The study was limited to older, postmenopausal women who were given HRT mainly as a preventative and who took it for 10 or more years. But the average age of women seeking HRT in a clinical practice is 45 to 55, says Dr. Wulf H. Utian, a gynecologist at the Cleveland Clinic and head of the North American Menopause Society. Experts suspect that risks are far less for younger women actively going through menopause who use HRT in the short term to help deal with symptoms like hot flashes. The risks of breast cancer and heart disease in the WHI study, for example, didn't become apparent until hormones were used for an average 5.2 years. That risk was not overwhelming -- increasing from 30 cases per 10,000 women to 38 cases.
So HRT is still a valid option?
About 28% of women age 50 to 74 are on it. That's because, despite the WHI findings, nothing seems to works better. The consensus among doctors is that short-term HRT is probably safe for healthy menopausal women who take the lowest effective dose to ease symptoms. The idea, says Utian, is to try to discontinue treatment after two years to see if symptoms have subsided. Ultimately, women should aim to limit HRT use to five years, and women with a history of breast cancer, blood clots, or liver disease should avoid it entirely.
What other drugs can treat menopause symptoms?
Evidence from studies on women with breast cancer found that antidepressants such as Effexor (WYE) and Paxil (GSK) can help reduce hot flashes by 50% or more in a majority of patients. But these come with their own set of side effects -- such as decreased libido and sleep disruption -- and some women have trouble getting off them. Clonidine, a blood pressure medicine, is also sometimes prescribed for hot flashes. Used in patch form, it can reduce symptoms by up to 50%, but at the most effective dose it can also cause dizziness and fatigue.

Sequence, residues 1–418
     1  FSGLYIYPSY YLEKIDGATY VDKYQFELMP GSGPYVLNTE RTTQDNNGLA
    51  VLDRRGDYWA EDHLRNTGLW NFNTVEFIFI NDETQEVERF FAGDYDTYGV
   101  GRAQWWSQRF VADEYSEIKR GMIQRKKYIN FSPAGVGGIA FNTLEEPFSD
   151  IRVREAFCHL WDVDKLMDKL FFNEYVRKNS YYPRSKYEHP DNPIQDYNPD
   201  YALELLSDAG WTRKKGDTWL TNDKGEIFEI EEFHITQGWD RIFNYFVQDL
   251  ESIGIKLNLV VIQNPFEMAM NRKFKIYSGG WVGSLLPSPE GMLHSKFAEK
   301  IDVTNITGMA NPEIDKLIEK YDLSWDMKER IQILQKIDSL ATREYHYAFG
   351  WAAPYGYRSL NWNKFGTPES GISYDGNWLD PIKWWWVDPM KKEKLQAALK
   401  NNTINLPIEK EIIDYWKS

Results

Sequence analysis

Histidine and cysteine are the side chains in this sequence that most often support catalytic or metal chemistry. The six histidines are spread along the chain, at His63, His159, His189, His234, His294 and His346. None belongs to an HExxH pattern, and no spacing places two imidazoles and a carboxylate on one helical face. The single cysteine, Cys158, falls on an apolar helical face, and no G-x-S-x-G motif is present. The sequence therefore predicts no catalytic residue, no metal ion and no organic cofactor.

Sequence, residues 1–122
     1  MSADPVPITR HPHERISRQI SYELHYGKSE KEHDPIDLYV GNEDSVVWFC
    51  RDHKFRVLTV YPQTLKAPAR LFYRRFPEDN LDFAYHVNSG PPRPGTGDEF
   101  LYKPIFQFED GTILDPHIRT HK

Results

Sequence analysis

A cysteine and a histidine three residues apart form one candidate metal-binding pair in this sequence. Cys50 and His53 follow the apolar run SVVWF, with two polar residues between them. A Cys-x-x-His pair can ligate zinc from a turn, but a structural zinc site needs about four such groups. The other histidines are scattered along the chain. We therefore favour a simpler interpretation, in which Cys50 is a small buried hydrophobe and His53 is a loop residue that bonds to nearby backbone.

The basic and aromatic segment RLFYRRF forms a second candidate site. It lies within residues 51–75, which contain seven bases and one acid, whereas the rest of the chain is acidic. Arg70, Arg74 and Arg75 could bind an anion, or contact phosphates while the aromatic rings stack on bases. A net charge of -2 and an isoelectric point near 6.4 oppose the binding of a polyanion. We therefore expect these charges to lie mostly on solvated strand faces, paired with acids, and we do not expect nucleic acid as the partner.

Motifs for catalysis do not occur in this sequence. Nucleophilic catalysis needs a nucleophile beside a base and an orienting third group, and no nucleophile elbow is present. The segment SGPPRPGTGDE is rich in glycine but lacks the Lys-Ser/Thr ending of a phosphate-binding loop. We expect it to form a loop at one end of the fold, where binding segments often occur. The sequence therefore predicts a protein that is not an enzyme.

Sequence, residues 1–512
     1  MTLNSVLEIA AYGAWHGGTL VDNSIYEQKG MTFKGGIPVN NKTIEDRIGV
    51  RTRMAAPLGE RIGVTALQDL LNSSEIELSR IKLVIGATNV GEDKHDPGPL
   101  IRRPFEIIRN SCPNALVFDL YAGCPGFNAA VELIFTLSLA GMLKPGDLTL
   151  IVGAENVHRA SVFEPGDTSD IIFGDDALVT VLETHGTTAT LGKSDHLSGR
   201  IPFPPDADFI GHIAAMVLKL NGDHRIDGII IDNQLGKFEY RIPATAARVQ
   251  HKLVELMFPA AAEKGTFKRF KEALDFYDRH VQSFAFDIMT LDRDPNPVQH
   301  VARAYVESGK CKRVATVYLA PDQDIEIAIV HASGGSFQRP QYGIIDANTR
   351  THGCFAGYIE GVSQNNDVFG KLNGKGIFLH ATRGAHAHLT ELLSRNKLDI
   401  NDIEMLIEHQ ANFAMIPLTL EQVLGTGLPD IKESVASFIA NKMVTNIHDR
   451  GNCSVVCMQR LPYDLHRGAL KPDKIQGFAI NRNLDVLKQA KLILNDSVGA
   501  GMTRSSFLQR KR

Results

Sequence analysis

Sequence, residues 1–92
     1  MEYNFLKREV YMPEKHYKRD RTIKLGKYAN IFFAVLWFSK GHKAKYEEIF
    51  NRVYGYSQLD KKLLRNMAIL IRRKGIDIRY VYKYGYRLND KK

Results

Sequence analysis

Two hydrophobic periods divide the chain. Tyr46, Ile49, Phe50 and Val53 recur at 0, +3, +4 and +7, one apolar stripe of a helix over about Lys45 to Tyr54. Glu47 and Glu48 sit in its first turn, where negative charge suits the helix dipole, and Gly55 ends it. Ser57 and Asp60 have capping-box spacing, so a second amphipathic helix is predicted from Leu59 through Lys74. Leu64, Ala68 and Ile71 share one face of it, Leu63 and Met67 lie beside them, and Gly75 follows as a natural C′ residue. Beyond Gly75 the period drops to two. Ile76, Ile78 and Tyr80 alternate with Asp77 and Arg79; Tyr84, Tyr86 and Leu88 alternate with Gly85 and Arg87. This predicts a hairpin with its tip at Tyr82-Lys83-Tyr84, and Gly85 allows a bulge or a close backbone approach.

What about osteoporosis?
Raloxifene (LLY) -- known by its trade name, Evista -- is one of a new class of drugs called selective estrogen receptor modulators (SERMS) that are approved for the prevention of osteoporosis in postmenopausal women. Evista and similar drugs raise the risk of blood clots, so women who are prone to them -- and also need special insurance against osteoporosis -- should consider other nonhormonal drugs such as Fosamax (MRK).
Can certain diets and exercise help?
There's no evidence that they can completely replace drugs for women who experience symptoms. But no one disputes that a healthy lifestyle is important, especially for preventing osteoporosis. To maintain bone density, women over age 50 should get 1,200 milligrams of calcium per day and 400 international units of vitamin D from food, supplements, or both.
Salty foods can deplete calcium, experts warn. Spicy foods, caffeine, and alcohol seem to aggravate hot flashes for some women. Exercise, on the other hand, can relieve them, while improving bone density. What's most effective are so-called weight-bearing exercises -- anything that requires your feet and legs to carry your body weight -- such as walking, jogging, and dancing.
How do natural remedies stack up?
It's a mixed picture. Literally hundreds of products are sold in supermarkets, health food stores, and pharmacies claiming to relieve menopause symptoms. Most contain phytoestrogens, weak forms of estrogen derived from plants, which have some of the same problems as estrogen. None of these products has been shown definitively to reduce hot flashes or build bone, says the American College of Obstetricians and Gynecologists. Soybeans and black cohosh have a better track record. Herbal creams containing progesterone may help with hot flashes, but since they are not regulated by the FDA, it's hard to know what you're getting.
For the future, watch developments with SERMs, which could ease symptoms of menopause and protect bone and heart health without adding to the risk of breast cancer.
By Naomi Freundlich